Yellowstone’s White Lady Illegally Killed
Aside from arctic wolves, which tend to range from a creamy white to a golden color during summer and white during the snow covered winters, white wolves are rare. Yellowstone National Park was proud to have had three white wolves in the park over the years, but only one out of the the 108 wolves counted in the park in December of 2016. 1National Park Service – Yellowstone This white wolf was known affectionately as the White Lady.
White Lady was one of the park’s wolves that was admired and followed by wildlife enthusiasts around the world. Hikers found her severely injured and suffering on a trail. Authorities were unable to save her life, so she was humanely euthanized to minimize her suffering. A necropsy (autopsy on an animal other than man) determined that she’d been illegally shot and left to die, likely between 1 a.m. April 10 and 2 p.m. April 11. 2KTLA News It was also learned that she was carrying five pups that were only a couple of weeks from birth.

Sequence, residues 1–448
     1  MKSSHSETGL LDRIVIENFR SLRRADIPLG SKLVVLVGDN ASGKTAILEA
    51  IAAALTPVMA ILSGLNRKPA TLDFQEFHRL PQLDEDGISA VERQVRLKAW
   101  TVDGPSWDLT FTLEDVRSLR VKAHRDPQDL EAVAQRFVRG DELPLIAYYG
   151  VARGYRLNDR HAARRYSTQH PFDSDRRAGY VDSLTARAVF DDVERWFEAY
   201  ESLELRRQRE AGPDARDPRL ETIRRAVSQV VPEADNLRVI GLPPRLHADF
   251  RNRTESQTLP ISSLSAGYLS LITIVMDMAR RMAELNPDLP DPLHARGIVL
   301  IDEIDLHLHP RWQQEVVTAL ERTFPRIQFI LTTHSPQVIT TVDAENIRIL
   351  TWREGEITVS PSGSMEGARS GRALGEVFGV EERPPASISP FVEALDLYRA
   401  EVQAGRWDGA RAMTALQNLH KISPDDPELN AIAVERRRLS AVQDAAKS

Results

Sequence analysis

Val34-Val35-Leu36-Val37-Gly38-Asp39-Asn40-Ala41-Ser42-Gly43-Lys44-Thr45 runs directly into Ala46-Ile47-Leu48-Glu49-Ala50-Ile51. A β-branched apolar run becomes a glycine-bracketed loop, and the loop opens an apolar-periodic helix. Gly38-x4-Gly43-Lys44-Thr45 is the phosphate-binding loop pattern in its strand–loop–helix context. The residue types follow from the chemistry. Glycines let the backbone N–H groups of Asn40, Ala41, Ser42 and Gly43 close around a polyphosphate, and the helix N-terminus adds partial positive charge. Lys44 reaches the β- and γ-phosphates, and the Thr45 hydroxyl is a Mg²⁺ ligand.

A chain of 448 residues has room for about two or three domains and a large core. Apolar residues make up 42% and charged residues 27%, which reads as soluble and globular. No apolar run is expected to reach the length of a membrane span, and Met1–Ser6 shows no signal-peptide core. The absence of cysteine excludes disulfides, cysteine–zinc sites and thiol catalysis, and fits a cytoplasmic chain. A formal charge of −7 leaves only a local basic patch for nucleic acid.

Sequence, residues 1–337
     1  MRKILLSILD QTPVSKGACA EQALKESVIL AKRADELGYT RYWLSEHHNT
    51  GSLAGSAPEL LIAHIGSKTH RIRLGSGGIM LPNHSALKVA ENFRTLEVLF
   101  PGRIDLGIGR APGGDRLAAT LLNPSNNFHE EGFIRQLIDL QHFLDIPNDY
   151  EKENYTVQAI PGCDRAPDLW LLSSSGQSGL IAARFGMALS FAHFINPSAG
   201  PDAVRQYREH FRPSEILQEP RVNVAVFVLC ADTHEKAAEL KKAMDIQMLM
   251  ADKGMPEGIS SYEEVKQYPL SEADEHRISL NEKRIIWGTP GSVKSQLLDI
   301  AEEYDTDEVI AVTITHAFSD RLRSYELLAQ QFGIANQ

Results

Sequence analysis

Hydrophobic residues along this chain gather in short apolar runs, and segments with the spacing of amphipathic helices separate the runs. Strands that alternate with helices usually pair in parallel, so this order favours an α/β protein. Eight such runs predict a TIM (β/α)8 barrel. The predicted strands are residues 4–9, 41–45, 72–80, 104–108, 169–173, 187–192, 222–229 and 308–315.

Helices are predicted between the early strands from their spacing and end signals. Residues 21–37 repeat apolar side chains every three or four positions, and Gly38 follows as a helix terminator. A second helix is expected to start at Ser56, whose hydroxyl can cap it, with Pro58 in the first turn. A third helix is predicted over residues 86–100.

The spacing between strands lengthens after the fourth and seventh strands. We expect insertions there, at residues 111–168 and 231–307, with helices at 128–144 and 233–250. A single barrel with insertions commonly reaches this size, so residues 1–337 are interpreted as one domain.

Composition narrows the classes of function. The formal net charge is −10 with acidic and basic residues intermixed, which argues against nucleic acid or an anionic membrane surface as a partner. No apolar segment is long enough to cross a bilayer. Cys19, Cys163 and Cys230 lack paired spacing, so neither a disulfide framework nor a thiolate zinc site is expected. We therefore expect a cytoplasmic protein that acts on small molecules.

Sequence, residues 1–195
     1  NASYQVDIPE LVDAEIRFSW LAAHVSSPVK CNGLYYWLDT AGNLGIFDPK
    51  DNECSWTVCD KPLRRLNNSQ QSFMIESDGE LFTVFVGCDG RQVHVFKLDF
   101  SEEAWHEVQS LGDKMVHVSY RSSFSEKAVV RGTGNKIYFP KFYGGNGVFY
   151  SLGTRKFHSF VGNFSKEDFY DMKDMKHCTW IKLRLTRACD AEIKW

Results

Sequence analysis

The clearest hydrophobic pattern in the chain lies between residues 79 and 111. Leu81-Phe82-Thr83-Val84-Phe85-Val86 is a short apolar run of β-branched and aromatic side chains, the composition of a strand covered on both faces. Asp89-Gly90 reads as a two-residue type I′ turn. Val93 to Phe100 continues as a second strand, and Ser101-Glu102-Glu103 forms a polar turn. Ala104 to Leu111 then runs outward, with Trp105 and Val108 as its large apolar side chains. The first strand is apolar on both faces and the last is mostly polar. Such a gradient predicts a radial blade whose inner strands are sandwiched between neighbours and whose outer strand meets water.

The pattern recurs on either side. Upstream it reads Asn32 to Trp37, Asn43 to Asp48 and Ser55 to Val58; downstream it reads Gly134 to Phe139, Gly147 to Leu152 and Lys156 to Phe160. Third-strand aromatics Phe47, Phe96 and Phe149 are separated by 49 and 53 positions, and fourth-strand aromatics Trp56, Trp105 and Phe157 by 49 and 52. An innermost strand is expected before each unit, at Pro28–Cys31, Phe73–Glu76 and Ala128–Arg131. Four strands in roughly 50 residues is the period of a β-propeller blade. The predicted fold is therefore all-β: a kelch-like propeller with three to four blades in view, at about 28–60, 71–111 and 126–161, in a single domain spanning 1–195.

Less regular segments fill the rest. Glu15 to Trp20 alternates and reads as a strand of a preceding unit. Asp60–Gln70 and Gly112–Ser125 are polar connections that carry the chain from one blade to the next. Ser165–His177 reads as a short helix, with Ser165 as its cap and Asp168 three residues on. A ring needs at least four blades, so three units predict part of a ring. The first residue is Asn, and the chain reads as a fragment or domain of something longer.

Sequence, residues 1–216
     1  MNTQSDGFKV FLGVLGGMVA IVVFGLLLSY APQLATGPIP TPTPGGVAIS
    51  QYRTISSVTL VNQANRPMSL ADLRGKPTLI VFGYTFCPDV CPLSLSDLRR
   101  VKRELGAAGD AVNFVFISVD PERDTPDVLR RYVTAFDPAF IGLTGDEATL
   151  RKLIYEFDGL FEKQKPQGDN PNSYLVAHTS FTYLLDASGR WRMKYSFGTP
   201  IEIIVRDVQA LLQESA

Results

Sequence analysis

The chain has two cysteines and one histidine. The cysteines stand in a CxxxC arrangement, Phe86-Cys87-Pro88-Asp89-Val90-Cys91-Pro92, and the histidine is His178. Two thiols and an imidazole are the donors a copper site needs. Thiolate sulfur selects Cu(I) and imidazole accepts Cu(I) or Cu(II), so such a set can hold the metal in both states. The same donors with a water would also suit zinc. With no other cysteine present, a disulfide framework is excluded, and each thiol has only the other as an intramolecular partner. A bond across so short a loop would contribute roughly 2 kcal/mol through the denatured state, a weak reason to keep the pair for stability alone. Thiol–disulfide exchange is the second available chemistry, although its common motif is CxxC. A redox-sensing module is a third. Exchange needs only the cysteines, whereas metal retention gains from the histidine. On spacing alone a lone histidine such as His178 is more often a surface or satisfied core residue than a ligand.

White lady was the alpha female of the Canyon Pack and had paired with the alpha male for nine years. She was 12 years old when killed by a poacher so cowardly that they ran from discovery, but somewhere this walking, talking substandard person is bragging to his or her friends about killing a wolf loved by hundreds of thousands of people. For those who might hear this person bragging, authorities have offered a $5,000 reward for information leading to the poacher and conservation group Wolves of the Rockies have added another $5,000 to that reward. So – $10,000 for information about a person who is likely already known to be a sketchy character. Make the call now! 3$10,000 reward offered for Yellowstone white-wolf shooter
The poacher who destroyed White Lady put at risk the income earned by Yellowstone National Park from wolf-watchers – valued at $35 million per year! For those living around the park, your livelihoods are put at risk by poachers like this. 4Value of wolf-watching in Yellowstone Many millions of dollars are made by the restaurants, hotels, retailers, and wildlife guides within 60-80 miles of national parks. Protecting Yellowstone wolves is a Big Money Investment.